The affordable housing crisis has been a growing source of concern for for several years in Washtenaw County, and a new group has formed to organize community efforts and find solutions.
The group held its first meeting on Dec.1, advertised as a gathering for the "Washtenaw Housing Coalition," although the group has yet to formally agree on a name. The meeting was intended to bring together local residents and groups that are active in housing work in order to maximize and synthesize community efforts. Hosted by the Huron Valley Democratic Socialists of America (HVDSA), the meeting was attended by members of roughly 30 organizations and constituencies such as MISSION, Ann Arbor YIMBY, Ypsi Gathering Space, and the Washtenaw County Democratic Party.
Central to this mobilization was Greg Pratt, a HVDSA member and recently appointed chair of the Ann Arbor Housing and Human Services Advisory Board. He and other members of the group’s planning committee determined it was important that they reach out to all community members invested in housing issues.
"There are other stakeholders in the community and we need the help of everyone working on this issue to identify what the problems are and what steps we need to take to address the issues we identify as a group," Pratt says. "Federal dollars are not increasing, but shrinking, and we’re just not getting ahead of the problem. So we need to bring more people in and put as many eyes on the issue as possible."
There were at least 70 sets of eyes at the meeting – twice as many as were initially expected. The meeting’s agenda involved four discussion stations with groups of 15-18 people from all sides of the affordable housing issue, openly discussing what can be done at different levels of government.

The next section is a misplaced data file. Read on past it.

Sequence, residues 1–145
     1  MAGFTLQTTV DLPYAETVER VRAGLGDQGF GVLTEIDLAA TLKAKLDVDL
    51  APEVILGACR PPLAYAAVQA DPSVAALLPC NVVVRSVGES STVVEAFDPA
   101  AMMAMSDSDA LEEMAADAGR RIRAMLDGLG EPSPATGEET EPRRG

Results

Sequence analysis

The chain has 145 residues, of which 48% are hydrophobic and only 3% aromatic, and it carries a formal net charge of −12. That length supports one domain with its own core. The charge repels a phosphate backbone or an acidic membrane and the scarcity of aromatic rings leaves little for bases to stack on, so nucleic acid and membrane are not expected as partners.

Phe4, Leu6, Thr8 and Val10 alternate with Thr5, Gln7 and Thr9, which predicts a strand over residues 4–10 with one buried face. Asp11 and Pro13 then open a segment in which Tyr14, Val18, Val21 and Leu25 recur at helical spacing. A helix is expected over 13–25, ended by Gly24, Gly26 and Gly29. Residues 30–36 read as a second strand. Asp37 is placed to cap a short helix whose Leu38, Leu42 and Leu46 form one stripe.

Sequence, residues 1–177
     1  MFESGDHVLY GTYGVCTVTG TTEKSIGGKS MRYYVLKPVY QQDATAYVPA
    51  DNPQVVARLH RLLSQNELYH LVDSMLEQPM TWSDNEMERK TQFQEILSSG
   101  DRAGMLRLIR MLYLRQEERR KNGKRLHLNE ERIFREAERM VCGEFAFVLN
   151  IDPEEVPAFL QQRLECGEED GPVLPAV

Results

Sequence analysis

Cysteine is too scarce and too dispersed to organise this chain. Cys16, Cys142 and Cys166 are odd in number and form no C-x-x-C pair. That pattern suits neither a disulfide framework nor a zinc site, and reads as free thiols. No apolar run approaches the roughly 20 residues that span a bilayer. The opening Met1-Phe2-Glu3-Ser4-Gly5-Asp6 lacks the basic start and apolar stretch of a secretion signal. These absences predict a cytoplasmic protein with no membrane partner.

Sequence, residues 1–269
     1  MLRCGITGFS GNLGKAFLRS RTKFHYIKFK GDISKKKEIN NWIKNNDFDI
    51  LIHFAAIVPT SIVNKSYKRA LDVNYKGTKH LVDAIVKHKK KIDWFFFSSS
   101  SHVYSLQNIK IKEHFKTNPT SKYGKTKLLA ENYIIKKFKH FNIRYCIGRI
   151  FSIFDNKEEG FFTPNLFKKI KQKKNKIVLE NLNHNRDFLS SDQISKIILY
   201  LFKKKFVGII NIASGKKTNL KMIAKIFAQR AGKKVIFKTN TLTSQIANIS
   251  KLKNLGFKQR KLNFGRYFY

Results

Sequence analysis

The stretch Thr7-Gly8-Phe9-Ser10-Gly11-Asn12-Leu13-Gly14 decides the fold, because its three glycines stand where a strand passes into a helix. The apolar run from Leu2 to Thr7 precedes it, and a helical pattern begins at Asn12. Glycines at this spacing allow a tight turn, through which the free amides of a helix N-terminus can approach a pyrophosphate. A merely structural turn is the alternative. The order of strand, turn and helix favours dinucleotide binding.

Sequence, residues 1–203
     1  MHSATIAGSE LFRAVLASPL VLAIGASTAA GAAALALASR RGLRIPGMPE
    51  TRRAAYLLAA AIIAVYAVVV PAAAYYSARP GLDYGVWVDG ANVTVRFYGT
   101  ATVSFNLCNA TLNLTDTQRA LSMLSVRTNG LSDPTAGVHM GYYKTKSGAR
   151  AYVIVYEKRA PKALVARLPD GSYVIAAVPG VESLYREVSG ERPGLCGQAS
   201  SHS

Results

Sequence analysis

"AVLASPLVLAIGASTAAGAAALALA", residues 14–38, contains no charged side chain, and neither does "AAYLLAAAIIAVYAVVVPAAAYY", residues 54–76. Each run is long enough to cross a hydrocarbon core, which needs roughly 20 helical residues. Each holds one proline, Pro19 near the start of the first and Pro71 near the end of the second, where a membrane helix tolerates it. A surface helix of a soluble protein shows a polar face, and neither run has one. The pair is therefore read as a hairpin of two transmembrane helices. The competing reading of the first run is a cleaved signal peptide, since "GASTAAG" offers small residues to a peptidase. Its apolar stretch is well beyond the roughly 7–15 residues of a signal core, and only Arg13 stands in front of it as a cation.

"It was especially satisfying and significant to see people from competing political factions sitting across from each other and talking things through, because the problems are so complex and multi-faceted," Pratt says.
The meeting’s notes will be available soon. From what Pratt has reviewed so far, there was a wide range of opinions on topics such as what to do about housing development and how to actually build and fund affordable housing with a comprehensive plan. Renters' rights also came up frequently.
Attendees knew they weren’t going to solve anything in a couple of hours.
"The coalition is early in the dialogue phase," says Pratt. "We didn’t come away with any specific plans or course of action. We are at the stage of deep listening without judgment and debate."
That said, the group definitely plans to work together in solidarity.
"The feeling in the room was that as we start identifying different projects or areas of actions that need to be addressed, different groups can show up at each others’ events to support each other in the future," says Pratt. "People across the spectrum agreed to work together to bring change, and I left the meeting with a renewed faith in our ability as a community to come together on the issue of housing.”
For more information about upcoming meetings, email firstname.lastname@example.org.
Jaishree Drepaul-Bruder is a freelance writer and editor currently based in Ann Arbor. She can be reached at email@example.com.
Photo courtesy of Greg Pratt.